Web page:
Translations of Hellenistic Inscriptions: 94


Greek text:   FD_3.4.357 , CID_4.36
Date:   262/1 B.C
Format:   see key to translations

The timing of inscription A is significant; it was passed almost 20 years after the institution of the Ptolemaieia, at about the same time as the final victory of Antigonos II in the Chremonidean War; which suggests that the Aetolians and their allies wished to secure the ongoing support of Ptolemaios II - see the comments of F.W.Walbank in CAH volume 7.1, page 241 ( Google Books ).

Inscription B appears to belong to around the same time, when the war made it dangerous for delegates to go to Thermopylai.

[A]   Gods.   When Pleiston was archon in Delphi, with the following men acting as hieromnemon:

[ . . . envoys have announced . . . that the king is making a sacrifice and holding games for his] father; and [they urged] the Amphictyons [to share in] the [sacrifice and the games that] king Ptolemaios is holding for his [father in Alexandria], and to recognise the games as equivalent to the Olympic Games; therefore [with good fortune], it is resolved by the Amphictyons that the Amphictyons [shall share] in the sacrifice for king Ptolemaios, [and] shall recognise [the games] as equivalent to the Olympic Games, as [the king has written]; and everyone else who [shares in the temple] of the god [shall do likewise], in accordance with the decree [of the Amphictyons]. Each state shall [give the same] prizes and rewards [to the victors in these games], as [are given] to the victors in the Olympic Games; [and] the Amphictyons [shall choose] theoroi from amongst themselves [and send them to] Ptolemaios when he performs the sacrifice and [holds the games of the] Ptolemaieia; and [the hieromnemones] shall take this decree back [to their cities] . . . .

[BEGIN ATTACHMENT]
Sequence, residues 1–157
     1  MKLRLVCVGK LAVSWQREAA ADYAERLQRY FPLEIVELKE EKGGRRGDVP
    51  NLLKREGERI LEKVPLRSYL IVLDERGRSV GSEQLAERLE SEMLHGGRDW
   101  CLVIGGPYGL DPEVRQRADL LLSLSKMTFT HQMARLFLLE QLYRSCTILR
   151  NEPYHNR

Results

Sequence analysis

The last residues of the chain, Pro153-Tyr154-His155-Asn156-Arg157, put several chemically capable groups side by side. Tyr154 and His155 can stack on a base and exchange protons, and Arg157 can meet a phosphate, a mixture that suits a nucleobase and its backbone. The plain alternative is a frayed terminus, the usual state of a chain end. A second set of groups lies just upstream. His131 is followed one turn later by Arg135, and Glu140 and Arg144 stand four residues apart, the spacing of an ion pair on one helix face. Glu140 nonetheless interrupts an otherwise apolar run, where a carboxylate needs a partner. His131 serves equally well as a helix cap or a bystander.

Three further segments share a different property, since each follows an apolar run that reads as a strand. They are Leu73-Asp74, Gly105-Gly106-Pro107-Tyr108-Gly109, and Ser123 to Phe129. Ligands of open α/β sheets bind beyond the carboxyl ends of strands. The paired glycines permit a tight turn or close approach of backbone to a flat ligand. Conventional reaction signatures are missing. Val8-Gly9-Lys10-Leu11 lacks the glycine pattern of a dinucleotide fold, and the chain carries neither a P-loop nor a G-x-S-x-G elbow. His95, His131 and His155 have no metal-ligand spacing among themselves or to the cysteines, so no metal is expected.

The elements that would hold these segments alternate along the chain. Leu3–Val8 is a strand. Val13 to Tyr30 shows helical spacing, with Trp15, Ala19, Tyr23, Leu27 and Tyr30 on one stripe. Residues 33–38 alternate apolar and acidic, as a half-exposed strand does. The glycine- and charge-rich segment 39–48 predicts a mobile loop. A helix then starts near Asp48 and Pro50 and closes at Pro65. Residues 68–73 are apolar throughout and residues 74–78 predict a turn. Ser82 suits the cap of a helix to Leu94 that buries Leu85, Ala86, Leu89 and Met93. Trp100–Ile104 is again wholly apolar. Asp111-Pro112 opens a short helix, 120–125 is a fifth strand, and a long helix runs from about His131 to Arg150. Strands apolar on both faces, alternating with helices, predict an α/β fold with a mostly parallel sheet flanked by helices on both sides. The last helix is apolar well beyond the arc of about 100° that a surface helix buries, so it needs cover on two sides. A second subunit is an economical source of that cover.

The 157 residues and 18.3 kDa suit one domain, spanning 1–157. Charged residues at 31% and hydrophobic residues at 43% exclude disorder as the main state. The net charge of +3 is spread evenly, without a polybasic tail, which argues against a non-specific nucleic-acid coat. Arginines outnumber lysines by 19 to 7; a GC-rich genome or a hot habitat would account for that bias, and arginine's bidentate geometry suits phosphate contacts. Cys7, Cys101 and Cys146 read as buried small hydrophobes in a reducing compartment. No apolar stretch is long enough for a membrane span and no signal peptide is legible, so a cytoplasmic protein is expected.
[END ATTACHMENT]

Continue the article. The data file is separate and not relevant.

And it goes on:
[B]   . . . they had concerning these matters, conducting themselves with all honour; and they sent envoys to king Ptolemaios and king Antigonos, and arranged that both of them should provide security for everyone; and they sent envoys to the other Greeks, and sent out heralds to invite them and to establish security for everyone who attended, putting guards in all places; and they punished a (?) sufficient number of criminals who were brought before them, judging them according to the law; and they managed the affairs of their office well and justly; and when the assembly of the Amphictyons at Thermopylai had been prevented from meeting for a long time on account of the war, they were the first to invite all the Greeks and made the meeting safe for all the agoratroi and Amphictyons who attended; and they performed the sacrifices and all the other ceremonies according to the laws of the Amphictyons in a splendid and fine and pious manner; therefore it is resolved by the Amphictyons to praise the hieromnemones and the secretary in office when . . . was archon, on account of their virtue and their righteousness towards the gods and their honourable conduct towards the Amphictyons and the other Greeks . . . and to crown them . . .

inscription 95

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